The very real challenges of being satisfied working in ESG

Being Satisfied YouTube Thumbnail

Here’s a note from Harald Walkate:

So you finally landed a job in ESG. And now you’re a little confused.

Because for years you’ve been hearing the claims: ESG manages risk, boosts returns, makes a better world, and –last but not least– helps you feel a bit better about yourself.

And then Tariq Fancy, Anand Giridharadas, Aswath Damodaran & Ken Pucker come along and tell you basically this is all wrong. And then Alex Edmans, Clara Miller and, yes, me come along with critiques of the critiques saying that the critics are wrong. Or that they are right but don’t offer alternatives. [All these arguments are linked to in the bottom of this note.]

And then there’s Rob Lake’s post some time ago, sharing a friend’s frustrations: “The desire to make a positive difference remains so strong, it’s just a question of what that looks like now, and how to make it feel truly meaningful and energising amidst the creeping sense that what you’re doing isn’t working. I know so many people with borderline burnout. It’s so hard to voice these questions openly. No deviation of message from the gospel according to ESG.” This post attracted 315 responses & 66 comments, most in agreement.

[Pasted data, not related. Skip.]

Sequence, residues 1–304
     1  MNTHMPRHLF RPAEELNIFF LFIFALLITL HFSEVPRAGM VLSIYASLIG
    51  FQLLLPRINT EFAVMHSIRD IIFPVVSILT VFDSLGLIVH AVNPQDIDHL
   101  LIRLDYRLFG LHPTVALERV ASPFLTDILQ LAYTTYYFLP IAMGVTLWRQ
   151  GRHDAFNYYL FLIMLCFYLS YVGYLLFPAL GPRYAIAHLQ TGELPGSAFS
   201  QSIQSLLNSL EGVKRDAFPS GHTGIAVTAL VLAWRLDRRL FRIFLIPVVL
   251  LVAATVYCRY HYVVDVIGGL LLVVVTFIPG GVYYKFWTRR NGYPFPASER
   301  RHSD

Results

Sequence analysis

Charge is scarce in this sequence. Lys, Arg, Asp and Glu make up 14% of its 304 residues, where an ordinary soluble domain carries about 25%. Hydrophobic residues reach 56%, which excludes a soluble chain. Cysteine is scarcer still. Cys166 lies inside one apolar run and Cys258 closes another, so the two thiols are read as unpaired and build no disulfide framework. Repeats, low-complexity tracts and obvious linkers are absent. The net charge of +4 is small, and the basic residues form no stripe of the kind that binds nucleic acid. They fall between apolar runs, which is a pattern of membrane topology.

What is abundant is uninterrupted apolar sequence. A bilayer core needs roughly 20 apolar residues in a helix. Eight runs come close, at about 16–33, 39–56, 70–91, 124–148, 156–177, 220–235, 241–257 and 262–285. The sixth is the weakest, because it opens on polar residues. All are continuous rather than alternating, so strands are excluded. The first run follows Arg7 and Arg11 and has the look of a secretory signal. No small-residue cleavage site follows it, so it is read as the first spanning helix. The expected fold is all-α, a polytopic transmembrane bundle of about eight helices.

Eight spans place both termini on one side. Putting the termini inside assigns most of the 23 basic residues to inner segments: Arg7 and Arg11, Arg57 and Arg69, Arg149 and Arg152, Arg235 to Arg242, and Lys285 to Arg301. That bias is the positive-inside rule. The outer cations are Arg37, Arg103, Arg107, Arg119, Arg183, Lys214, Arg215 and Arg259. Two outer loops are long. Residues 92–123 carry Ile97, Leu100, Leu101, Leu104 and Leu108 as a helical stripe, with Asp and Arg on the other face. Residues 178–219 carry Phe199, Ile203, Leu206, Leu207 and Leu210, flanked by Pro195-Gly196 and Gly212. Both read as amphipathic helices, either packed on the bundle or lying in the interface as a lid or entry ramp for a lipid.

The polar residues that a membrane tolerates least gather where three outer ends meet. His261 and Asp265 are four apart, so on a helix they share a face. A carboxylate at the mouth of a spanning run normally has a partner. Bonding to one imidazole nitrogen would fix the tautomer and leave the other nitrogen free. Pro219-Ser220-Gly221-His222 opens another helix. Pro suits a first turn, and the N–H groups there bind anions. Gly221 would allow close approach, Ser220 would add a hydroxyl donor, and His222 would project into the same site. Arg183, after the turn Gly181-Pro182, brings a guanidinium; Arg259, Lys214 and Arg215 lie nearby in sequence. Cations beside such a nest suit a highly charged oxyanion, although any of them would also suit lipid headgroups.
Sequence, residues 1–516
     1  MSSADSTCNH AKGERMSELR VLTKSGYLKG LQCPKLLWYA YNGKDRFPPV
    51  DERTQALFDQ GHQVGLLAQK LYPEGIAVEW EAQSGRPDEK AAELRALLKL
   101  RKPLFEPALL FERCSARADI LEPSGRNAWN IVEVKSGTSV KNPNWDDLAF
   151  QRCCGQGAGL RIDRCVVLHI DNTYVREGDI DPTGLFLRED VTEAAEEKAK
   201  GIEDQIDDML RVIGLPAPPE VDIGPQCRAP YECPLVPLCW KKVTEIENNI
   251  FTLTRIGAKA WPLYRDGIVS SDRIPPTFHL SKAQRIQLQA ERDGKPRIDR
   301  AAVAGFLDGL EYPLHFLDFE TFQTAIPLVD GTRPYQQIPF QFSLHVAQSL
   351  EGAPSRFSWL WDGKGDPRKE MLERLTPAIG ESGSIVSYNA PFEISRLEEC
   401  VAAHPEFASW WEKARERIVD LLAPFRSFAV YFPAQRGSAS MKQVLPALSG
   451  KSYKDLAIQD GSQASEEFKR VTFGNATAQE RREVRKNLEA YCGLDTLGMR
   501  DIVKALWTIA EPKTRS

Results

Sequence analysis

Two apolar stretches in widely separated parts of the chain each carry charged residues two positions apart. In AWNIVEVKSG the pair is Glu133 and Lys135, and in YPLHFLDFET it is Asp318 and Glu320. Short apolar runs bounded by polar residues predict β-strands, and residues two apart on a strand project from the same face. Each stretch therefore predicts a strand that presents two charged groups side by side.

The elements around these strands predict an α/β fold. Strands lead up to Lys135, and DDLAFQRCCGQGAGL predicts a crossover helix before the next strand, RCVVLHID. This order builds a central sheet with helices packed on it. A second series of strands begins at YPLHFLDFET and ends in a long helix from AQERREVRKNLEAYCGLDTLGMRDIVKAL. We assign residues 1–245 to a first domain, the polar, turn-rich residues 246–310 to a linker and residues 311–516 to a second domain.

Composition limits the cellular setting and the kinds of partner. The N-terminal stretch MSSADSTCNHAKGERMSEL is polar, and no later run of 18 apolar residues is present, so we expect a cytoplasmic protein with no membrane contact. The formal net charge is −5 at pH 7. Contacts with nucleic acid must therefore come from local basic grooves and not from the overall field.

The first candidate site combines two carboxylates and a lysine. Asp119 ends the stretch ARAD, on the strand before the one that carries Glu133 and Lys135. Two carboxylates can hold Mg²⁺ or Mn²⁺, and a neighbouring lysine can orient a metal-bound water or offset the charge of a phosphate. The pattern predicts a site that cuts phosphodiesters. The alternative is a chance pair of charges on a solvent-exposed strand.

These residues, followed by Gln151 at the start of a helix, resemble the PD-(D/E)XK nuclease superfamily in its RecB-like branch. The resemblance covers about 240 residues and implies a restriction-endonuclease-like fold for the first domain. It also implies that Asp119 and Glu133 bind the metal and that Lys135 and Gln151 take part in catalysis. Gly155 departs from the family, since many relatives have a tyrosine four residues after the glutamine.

Finally: a recent recruiter poll of ESG folks showed that 97% of people were open to new roles.

OK, so this is where the attached may come in handy for all of you fighting burn-out, wondering if what you’re doing makes sense, and asking yourself if you change the system from the inside, or become a teacher: as part of my quest to capture complex issues in 1 slide I tried to summarize what 15 years of academic research and practitioners views tell us about:

(1) what works, and doesn’t, in ESG (taking into account that people have different goals with ESG)

(2) how to do the stuff that works, well


(3) the 3 options that this leaves investors, or ESG professionals, with

Of course there’s no way to capture all relevant detail or references to papers etc. in one slide, so if you’re wondering what this is based on, please contact me. But I believe this is a pretty good high-level cheat-sheet for all of you who are eager to apply lessons learned from the first 15 years, to deliver some real heavy ESG impact, additionality, materiality and problem-solving the next 15.